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Phil Agur
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hotdog321
hotdog321 Forum Pro • Posts: 15,954
Re: Creating natural light look with strobes

I agree with the others. Emulating window light is possible by using a large light source in close to the subject: softbox, umbrella or white board. The key is the apparent size of the light from the subject's viewpoint.

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john g Regular Member • Posts: 402
Re: Creating natural light look with strobes

kphoto1 wrote:

Hello,

I am struggling a little to create still lifes that look as though they have been lit by natural light. I do not have a window in the studio and must use strobes to create this look:

http://media-cache-ec2.pinterest.com/736x/3a/ad/27/3aad274c866d487e85e5be1ab83b3d40.jpg

I often shoot large web images of small things on tables and need them to look very natural and window lit and am struggling to make them look real due to what could be a mixture of lighting and photoshop.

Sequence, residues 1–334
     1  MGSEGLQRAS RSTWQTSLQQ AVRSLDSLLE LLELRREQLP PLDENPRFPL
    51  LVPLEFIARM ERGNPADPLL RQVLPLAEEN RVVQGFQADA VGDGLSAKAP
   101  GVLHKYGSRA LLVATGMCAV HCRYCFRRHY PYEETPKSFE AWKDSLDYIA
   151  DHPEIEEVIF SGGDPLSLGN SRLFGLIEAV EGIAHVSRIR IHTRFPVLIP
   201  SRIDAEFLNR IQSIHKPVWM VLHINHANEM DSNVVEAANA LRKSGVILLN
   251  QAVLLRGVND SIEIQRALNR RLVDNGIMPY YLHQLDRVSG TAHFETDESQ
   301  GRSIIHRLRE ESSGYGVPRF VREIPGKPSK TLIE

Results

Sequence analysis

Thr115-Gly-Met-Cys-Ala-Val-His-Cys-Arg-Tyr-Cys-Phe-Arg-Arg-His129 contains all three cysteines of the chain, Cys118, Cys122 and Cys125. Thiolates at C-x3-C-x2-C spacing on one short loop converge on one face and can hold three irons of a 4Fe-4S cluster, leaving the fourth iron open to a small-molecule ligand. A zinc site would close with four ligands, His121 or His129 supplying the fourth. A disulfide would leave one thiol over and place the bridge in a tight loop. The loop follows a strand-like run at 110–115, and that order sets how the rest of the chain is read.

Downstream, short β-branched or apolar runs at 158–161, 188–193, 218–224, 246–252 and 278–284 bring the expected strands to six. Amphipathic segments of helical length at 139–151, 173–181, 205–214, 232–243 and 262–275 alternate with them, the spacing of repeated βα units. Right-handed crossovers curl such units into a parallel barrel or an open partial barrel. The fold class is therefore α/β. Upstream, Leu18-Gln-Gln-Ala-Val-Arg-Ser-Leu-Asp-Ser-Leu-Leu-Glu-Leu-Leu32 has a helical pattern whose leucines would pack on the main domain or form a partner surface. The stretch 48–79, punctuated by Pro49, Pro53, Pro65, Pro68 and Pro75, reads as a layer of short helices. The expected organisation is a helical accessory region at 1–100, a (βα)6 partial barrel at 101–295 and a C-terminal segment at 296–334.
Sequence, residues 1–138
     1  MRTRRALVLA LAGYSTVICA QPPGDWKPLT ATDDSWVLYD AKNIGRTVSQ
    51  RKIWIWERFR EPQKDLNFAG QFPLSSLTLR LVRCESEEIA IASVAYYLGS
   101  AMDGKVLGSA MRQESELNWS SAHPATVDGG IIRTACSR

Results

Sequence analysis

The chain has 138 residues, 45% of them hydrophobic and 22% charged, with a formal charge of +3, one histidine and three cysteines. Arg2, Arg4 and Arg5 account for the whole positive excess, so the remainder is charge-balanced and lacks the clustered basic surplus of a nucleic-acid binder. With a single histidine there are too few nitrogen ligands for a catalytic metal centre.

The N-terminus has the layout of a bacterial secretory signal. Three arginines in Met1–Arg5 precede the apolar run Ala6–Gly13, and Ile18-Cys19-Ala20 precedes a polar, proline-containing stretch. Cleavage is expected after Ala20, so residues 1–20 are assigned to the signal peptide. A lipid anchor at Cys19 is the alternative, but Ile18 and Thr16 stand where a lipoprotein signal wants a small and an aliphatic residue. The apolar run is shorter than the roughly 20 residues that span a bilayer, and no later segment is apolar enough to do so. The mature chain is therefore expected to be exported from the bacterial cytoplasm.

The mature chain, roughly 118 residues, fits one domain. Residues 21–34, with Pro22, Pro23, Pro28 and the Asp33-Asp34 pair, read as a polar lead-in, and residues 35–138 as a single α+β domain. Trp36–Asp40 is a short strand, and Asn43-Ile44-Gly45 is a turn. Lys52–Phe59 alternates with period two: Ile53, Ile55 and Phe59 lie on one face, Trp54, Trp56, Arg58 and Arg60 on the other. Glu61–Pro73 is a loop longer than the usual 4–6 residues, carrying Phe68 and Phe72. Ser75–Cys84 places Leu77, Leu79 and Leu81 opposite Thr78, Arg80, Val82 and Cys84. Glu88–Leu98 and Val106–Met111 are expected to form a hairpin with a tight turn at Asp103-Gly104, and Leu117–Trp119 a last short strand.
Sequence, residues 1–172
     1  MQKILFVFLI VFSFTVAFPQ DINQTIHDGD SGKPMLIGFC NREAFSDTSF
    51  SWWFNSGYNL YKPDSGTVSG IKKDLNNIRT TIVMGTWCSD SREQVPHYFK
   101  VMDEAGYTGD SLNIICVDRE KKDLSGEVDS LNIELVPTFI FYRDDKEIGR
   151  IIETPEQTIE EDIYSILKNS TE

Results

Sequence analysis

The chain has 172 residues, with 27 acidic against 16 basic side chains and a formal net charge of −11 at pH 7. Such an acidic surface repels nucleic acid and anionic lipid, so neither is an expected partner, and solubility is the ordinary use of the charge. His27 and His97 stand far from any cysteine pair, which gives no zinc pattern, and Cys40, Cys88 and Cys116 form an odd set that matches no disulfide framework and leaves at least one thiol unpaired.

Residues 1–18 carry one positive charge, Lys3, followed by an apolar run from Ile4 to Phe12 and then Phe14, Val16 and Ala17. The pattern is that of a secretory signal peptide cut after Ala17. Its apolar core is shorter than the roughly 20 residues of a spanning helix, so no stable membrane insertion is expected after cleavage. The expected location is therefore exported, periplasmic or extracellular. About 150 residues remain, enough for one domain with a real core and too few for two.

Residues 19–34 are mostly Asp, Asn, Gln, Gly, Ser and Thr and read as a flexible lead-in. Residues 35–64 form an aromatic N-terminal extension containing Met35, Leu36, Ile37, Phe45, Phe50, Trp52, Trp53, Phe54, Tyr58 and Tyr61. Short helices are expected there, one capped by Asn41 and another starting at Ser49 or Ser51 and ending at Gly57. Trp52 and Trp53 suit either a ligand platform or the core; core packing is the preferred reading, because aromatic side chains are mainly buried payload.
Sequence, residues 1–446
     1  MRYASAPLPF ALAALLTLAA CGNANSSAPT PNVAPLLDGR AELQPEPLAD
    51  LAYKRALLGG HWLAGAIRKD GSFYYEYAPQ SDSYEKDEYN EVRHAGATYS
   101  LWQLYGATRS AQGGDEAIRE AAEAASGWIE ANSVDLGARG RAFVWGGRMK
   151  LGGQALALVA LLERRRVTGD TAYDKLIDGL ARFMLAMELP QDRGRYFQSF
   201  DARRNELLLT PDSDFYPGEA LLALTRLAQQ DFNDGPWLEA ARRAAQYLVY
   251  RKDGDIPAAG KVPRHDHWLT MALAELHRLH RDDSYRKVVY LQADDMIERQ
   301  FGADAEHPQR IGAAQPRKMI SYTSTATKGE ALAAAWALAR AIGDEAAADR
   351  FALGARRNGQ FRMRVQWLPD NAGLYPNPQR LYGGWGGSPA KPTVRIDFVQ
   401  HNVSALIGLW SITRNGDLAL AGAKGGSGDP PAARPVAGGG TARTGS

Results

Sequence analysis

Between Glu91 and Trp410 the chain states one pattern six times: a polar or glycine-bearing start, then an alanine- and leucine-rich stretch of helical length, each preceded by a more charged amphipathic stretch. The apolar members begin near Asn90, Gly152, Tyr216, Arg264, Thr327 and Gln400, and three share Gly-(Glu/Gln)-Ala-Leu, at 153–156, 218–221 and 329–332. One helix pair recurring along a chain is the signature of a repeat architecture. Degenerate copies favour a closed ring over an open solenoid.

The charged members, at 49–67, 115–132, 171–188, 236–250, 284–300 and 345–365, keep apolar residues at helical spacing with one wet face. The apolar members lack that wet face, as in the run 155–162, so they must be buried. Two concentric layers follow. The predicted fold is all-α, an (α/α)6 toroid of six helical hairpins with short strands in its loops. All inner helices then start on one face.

Can anyone help?

To duplicate that look, I would suggest a couple of 36" shoot through umbrellas. They are quick to set up and can produce a soft overall light with a minimum of shadowing.

Good luck!

Darrell Spreen Forum Pro • Posts: 10,368
A similar question in another thread

Quite a few helpful comments in this thread:

http://www.dpreview.com/forums/post/50857893

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Darrell

Clueless Wanderer
Clueless Wanderer Senior Member • Posts: 1,142
Re: Creating natural light look with strobes

If the strobe is your main light, The bigger the diffuser the better. Light the subject with -1 stop of flash power. If the strobe is on fill duty, -2 stops of strobe power